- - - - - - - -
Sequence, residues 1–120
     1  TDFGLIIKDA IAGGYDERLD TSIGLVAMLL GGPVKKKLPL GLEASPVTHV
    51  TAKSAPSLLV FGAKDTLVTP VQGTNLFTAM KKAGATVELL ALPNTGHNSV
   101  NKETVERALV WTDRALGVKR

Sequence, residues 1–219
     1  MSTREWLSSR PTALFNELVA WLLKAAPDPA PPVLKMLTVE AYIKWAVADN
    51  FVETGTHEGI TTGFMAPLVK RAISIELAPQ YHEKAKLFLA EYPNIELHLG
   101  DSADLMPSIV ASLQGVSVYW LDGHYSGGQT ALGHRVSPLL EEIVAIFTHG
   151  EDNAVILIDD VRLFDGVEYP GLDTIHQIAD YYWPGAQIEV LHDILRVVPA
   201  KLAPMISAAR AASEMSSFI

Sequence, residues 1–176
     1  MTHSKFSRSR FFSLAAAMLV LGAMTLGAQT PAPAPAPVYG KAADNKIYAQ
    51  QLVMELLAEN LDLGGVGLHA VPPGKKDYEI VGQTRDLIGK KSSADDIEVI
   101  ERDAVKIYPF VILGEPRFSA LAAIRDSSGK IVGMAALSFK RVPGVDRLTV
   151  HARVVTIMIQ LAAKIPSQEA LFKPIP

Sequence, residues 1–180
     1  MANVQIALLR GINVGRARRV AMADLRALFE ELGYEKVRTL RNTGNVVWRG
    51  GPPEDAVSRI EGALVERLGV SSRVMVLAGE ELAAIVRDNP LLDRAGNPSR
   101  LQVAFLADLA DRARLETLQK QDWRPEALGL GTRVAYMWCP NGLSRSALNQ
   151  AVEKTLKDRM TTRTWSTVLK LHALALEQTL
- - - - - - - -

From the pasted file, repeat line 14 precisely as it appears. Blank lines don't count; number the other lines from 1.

   101  ERDAVKIYPF VILGEPRFSA LAAIRDSSGK IVGMAALSFK RVPGVDRLTV